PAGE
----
Identity Shift

A Museum of Contemporary art Cleveland exhibit showcases artists changing the image of our region through abnormal practices. 

The days when the Rust Belt's factory towns were booming are long gone, but that doesn't mean we've stopped making interesting things. The Museum of Contemporary Art Cleveland is showcasing unusual works by artists from Ohio and beyond with its new exhibit, Realization is Better Than Anticipation, running through Oct. 13. The group show highlights 12 artists who are pushing the boundaries of art through unconventional methods. "It's a show about possibilities and a way to start a conversation about contemporary practices from artists who have new ways of seeing and creating," says assistant curator Rose Bouthillier. "All of them start by responding to an object or a medium through an experimental process." We talked with three artists about the practices that inspire their nontraditional art.

SCOTT OLSON » An abstract painting by Kent-based artist Scott Olson goes beyond being a piece to be viewed. "My painting is more about the craft than just conveying an image," Olson says. "I'm interested in the physicality of the pigment and how each material serves a different purpose." He is particularly drawn to colors with organic origins, with much of his work featuring earth tones splattered in a mirage of free-flowing shapes. "I don't strive to be different, but a lot of painters are too controlled," he says. "I like a lack of control."
LENKA CLAYTON » Conceptual Pittsburgh artist Lenka Clayton is drawn to the stories behind objects she finds at thrift shops and estate sales. "Beachcombing was a big part of my life growing up, and I'm constantly looking for things, particularly incomplete things," she says. Clayton will present four found text works with animated components, including an anonymous diary she calls Accidental Haiku, which can be heard on headphones. She has also re-mailed 100 postcards from 1898-1996 to their original Cleveland addresses with the ones unable to reach those destinations to be displayed at the museum. "I'm testing to see if they function twice, to see if they reach different audiences."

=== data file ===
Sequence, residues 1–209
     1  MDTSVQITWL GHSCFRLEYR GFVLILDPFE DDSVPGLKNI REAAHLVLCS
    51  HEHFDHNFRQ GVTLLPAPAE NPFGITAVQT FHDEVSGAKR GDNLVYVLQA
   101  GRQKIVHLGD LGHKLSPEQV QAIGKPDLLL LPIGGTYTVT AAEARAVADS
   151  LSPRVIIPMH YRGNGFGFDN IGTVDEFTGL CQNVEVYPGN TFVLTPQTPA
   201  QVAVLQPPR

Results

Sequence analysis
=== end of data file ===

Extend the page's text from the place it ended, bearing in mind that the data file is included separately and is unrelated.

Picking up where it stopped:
KEVIN BEASLEY » Although Kevin Beasley lives in New York City, his art remains influenced by seven years spent in Detroit, where he studied at the College of Creative Studies and co-founded the Cave, a collective studio and gallery. That is also where he started to work with found and discarded objects, a practice he still does today. Beasley is exhibiting a series of monoprints, a sculpture and a slide-specific sound piece, which will play Sept. 7 at the Cozad-Bates house across the street from MOCA. "Most of my work is sculptural and object-based," he says. "An experiential process makes more sense to me, no matter what the form or media. I'm interested in the relationship between the viewer, the work itself and the space it's in."
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